Help from God After Assault

By Karen Kosman:

Help from God After Assault

In 1956, when I was fourteen years old, I struggled against depression—one created by a traumatic event. While babysitting my younger sister and brothers, a stranger, with clever lies, gained access to our home.

Once he got me alone, he grabbed me from behind. At knife point he stole my innocence. The aftermath of rape resulted in Post Traumatic Syndrome: panic attacks, nightmares, and overwhelming guilt.  Finally, at the bottom of my depression pit I cried out, “God help me.”

Moments later, my mom called and said two detectives were waiting to talk with me. I’d had enough of interrogations—I wanted to be invisible.  Despondently, I entered the dining room. Then I heard a familiar voice. I found myself looking into the blue eyes of a police officer who had befriended me earlier that summer. I could hardly believe he’d been promoted and assigned to my case. “Karen,” Bill said, “this terrible thing is not your fault.”

Weeks later, during the trial, I struggled with fear every time my attacker looked at me with hate. “God help me,” I whispered in prayer over and over. During one recess, a woman approached and sat down next to me. She said, “I, too, am a victim of that man. You are a brave girl. Trust God and live your life.”

One weekend, while home alone, and in the throws of a panic attack I again cried out, “God help me.” Our doorbell rang, and looking through a peephole, I recognized my brother and sister’s Sunday school teacher.  When I opened the door he said, “I was passing by and suddenly felt I should stop and visit.” I knew God had answered yet another cry for help. The following Sunday I went to church and joined in with other teenagers. There is no doubt in my heart that God answered my cry for help. He helped me choose life.

Today, as a wife, mother, grandmother, and author, I am blessed.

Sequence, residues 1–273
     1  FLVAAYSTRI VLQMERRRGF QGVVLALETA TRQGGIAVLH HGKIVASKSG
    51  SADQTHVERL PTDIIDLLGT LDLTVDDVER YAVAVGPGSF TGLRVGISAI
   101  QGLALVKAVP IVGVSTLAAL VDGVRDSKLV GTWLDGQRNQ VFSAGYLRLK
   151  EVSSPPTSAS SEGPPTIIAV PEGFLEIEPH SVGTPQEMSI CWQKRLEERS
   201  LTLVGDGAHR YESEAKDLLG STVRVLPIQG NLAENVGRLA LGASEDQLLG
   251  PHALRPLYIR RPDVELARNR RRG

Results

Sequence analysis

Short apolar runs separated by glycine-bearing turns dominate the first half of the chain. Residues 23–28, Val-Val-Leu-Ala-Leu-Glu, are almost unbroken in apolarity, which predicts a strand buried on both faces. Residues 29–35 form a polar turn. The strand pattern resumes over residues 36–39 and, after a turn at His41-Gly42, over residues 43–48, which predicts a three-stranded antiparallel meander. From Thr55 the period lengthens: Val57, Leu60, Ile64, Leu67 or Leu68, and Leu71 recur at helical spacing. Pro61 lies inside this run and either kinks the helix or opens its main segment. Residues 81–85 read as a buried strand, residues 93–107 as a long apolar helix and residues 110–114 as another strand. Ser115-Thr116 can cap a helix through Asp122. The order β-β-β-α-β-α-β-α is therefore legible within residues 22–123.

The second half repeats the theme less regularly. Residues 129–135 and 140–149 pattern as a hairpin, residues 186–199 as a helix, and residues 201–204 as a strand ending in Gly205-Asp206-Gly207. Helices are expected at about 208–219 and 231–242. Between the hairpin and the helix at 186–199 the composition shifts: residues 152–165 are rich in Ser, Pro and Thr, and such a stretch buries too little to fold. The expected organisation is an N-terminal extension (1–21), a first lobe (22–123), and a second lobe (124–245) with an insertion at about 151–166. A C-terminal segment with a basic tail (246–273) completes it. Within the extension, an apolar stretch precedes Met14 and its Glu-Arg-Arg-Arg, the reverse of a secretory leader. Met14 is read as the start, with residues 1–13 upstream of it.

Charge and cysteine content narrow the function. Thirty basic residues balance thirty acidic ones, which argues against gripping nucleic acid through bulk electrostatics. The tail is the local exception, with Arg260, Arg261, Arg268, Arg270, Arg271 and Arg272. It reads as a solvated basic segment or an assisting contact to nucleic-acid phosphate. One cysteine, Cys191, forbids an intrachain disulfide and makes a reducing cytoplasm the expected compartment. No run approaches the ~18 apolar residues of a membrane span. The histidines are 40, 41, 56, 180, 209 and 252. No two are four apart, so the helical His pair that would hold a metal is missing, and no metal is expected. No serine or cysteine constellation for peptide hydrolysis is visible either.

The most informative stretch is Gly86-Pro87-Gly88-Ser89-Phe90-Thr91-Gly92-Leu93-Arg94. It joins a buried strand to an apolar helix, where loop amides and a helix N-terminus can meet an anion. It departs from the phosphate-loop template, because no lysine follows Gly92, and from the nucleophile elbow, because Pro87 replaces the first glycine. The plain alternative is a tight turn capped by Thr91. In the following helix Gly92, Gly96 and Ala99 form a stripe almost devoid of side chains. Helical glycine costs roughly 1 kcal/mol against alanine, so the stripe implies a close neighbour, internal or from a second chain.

Do you really believe that ending your life is the answer to your pain?  Have you heard the quote, “Suicide is a permanent answer to a temporary problem?”

Make a commitment not to end your life. Instead cry out, “God help me!” Seek him and you will find help from God after assault, no matter how traumatic.

In this video, Emily Klotz shares her story of abduction, rape, God’s presence, and eventually the ability to forgive. (Note that the beginning of this video describes an assault in detail, but there is a message of hope.)

If you are experiencing post traumatic stress from a sexual assault, call the National Sexual Assault Hotline at 1-800-656-HOPE

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About ThinkingAboutSuicide.com

If depressed and suicidal, get help by dialing the National Suicide Prevention Lifeline at 1-800-273-TALK (8255), a free, 24-hour hotline. IF IN IMMEDIATE DANGER of harming yourself or someone else, please call 911.1-800-SUICIDE (1-800-784-2433) or (in Spanish)
1-877-SUICIDA (1-877-784-2432).
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Our blog, Thinking About Suicide, offers personal stories and prayers from those who have overcome the urge to commit suicide or lost someone to suicide. We also list resources related to depression, bullying, cutting and other mental health related topics or news.
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Use our SEARCH box at the top of the page to find articles on specific topics. Our authors hope to encourage you and remind you that others in situations like yours have found hope and help. We hope and pray you do too. However, we also encourage you to get local help if you are suicidal: call a counselor or the suicide prevention hotline to connect personally with someone who can help you.

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